When Celgene won FDA approval for its psoriasis pill Otezla in 2014, the company was entering a hugely competitive market that would become home to both established therapies and biotech newcomers from the likes of Eli Lilly, Novartis and Merck. But the company had a plan: It would continue investing in R&D around the product in the hopes of getting it approved for relieving inflammatory conditions that most other rival products can’t claim to be able to treat.
That plan may finally be producing results. On Monday, Celgene announced that a phase 3 study of Otezla in scalp psoriasis met its primary endpoint. If the FDA expands the product’s label to include that indication, it could bring the company closer to meeting analysts’ initial expectations for peak Otezla sales of $2 billion—provided, of course, its marketing team can come up with a good strategy for dealing with a raft of challenges including payer pushback and competition from biosimilar versions of older drugs.
In the scalp psoriasis trial, patients taking Otezla experienced a statistically significant improvement in symptoms at week 16 compared with those taking a placebo, the company said. The trial also met its secondary endpoint of reducing the “whole body itch numeric rating scale.”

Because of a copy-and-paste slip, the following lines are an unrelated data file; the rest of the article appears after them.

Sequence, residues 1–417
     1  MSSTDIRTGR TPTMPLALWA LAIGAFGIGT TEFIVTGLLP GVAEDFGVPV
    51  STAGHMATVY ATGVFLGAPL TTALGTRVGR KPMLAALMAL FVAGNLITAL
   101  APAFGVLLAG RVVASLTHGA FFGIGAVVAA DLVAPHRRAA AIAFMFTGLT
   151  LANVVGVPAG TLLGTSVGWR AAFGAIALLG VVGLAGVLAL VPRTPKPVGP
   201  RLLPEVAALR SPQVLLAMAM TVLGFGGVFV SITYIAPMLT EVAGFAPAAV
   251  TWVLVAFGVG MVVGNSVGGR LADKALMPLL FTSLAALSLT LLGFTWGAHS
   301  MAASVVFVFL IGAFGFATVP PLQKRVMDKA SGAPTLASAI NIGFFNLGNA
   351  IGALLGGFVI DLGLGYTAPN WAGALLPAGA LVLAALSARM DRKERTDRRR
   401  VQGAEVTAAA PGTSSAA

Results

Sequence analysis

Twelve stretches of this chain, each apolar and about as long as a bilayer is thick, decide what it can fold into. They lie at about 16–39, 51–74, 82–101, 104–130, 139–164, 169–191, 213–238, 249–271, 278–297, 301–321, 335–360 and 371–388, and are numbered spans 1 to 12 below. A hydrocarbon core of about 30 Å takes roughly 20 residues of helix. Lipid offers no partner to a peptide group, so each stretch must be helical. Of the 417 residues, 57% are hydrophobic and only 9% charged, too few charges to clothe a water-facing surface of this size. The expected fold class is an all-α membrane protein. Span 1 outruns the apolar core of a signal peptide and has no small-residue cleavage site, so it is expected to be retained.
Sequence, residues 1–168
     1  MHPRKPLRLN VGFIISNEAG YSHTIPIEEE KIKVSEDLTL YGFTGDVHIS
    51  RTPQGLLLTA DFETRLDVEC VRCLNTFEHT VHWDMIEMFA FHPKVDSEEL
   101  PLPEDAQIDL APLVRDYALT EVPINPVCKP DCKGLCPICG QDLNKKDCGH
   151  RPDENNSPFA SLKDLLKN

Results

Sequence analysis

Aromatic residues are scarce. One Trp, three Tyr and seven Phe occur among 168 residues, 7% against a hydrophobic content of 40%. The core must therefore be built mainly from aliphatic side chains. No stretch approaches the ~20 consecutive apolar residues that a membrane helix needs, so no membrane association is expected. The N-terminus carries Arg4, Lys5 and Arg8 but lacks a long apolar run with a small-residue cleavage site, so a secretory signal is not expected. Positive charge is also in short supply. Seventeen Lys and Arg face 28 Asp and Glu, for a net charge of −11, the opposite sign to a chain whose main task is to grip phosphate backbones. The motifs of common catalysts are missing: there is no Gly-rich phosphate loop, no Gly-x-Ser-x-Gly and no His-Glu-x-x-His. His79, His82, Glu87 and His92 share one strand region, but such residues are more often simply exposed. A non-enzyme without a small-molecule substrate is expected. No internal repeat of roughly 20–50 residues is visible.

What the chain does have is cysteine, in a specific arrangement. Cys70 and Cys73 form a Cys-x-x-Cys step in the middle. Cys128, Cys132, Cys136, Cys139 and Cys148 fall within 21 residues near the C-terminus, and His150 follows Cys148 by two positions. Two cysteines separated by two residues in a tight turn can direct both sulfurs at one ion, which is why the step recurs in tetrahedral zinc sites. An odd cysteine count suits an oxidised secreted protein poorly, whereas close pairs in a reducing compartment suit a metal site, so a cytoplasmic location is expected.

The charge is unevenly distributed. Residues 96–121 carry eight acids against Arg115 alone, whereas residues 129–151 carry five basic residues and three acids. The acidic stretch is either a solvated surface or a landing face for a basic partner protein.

Terrie Curran, president of Celgene’s inflammation and immunology unit, said in a statement that scalp psoriasis affects about 80% of patients. “The area is difficult to treat with topical therapies, and clinical data from systemic therapies are limited,” Curran said.
But whether the data will be enough to persuade payers and physicians to embrace Otezla is still an open question. During Celgene’s second-quarter conference call, Curran said the product is on track to reach $1.5 billion in sales for this year, and that sales of the drug in the U.S. were up 21% over the same period a year ago.
She added that future growth could come not only from the scalp psoriasis indication but also from “multiple studies underway,” including trials of the product in mild to moderate plaque psoriasis and a rare inflammatory blood vessel disorder called Behçet’s disease.
Still, in the second quarter, global sales of Otezla rose just 5% year over year to $375 million, despite 62% growth overseas that was driven by strong uptake in France and Japan. Otezla underperformance last year contributed to Celgene knocking its 2020 sales guidance down from $20 billion to $19 billion.
Competition isn’t helping matters. Celgene has struggled to make Otezla stand out from such players as Novartis’ Cosentyx and Eli Lilly’s Taltz, even though Otezla’s pill formulation offers convenience over rival injectables. And recent FDA approvals of biosimilar versions of Johnson & Johnson’s Remicade and Amgen’s Enbrel threaten to steal market share from the newer entrants.
As for the scalp psoriasis indication, Celgene will have to wrestle Novartis for attention from patients and physicians in that market, too. Novartis got the FDA’s blessing to add scalp psoriasis to Cosentyx’s label in February.